“Clear case of plagiarism” forces retraction of chemistry paper

jrnlchemscieThe Journal of Chemical Sciences,  the journal of the Indian Academy of Sciences, has retracted a 2012 paper by a group of researchers in India and South Korea who stole material (and a lot of it) from a 2009 article for their reactant.

The retraction notice (it’s a pdf) speaks quite well for itself:

Instance of Plagiarism in Journal of Chemical Sciences and withdrawal of published article

The Journal of Chemical Sciences office received a complaint from an alert reader to the effect that the paper ‘An environmentally benign one pot synthesis of substituted quinolines catalysed by fluoroboric acid based ionic liquid’ by A Rajendran, C Karthikeyan, K Rajathi and D Ragupathy, published in J. Chem. Sci. Vol. 124, No. 4, July 2012, pp. 877–881 is a plagiarized version of an earlier article published in the Indian Journal of Chemistry ‘An environmentally benign indium (III) chloride catalysed one-pot synthesis of quinolones’ by Mazaahir Kidwai, Vikas Bansal, Neeraj Kumar Mishra and Divya (Vol. 48B, May 2009, pp. 746–748). The ‘results and discussion’ part of the J. Chem. Sci. paper contained exactly the same sentences, the same tables of results with the same yields as those of the article published in 2009; only the catalyst InCl3 was changed to [Et3NH] + [BF4]. The bibliographic references 2 to 6 were also the same.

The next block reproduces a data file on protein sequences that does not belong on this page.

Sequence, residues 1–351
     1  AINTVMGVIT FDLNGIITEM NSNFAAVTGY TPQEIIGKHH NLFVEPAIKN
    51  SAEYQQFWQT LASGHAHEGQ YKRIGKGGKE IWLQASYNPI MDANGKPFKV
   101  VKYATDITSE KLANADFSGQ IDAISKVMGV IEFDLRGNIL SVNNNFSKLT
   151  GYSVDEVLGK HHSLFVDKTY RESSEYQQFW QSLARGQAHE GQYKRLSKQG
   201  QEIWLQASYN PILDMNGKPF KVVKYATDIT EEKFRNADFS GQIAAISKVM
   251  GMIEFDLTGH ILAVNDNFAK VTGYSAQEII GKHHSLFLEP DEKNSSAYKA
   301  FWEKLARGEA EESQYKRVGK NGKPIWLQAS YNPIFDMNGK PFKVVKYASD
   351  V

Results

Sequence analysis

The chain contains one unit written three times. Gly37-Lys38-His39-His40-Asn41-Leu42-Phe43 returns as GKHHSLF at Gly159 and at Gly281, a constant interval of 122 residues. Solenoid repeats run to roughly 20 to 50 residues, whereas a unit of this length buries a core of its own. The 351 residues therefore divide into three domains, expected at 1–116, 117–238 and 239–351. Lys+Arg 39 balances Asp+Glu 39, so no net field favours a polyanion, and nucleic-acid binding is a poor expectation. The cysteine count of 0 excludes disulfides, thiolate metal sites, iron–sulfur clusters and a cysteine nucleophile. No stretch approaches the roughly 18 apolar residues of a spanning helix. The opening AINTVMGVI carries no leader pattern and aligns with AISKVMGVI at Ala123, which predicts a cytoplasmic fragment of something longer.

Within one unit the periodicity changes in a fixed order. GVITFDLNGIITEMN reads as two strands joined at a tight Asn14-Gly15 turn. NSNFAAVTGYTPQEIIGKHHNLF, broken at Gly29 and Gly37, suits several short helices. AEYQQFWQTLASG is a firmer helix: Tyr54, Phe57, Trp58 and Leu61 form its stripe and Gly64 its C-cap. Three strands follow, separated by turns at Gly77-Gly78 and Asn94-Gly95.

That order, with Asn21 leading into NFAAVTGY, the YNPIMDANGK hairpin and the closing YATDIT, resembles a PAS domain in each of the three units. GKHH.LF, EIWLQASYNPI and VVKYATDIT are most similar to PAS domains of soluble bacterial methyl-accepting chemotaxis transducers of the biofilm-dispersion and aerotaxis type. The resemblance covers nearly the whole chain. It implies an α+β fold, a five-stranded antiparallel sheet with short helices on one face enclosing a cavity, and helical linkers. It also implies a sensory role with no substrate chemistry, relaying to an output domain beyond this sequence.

The Editor has ascertained from the corresponding author, Dr. A. Rajendran that there has indeed been a clear case of plagiarism. Dr Rajendran has requested that the article be withdrawn from the journal.

Accordingly, and as per the Academy policy on plagiarism, it has been decided to withdraw the article published by Rajendran et al. in the Journal of Chemical Sciences and remove the article from the websites of the Academy and Springer.

The Editorial Board takes a serious view of acts of plagiarism in the journal and is committed to take all necessary steps to prevent such acts.

The study has yet to be cited, according to Thomson Scientific’s Web of Knowledge.

0 thoughts on ““Clear case of plagiarism” forces retraction of chemistry paper”

  1. Plagiarism? Well, yes, but also apparent fabrication. Getting the same yields, exactly the same yields, is statistically possible, but highly improbable.

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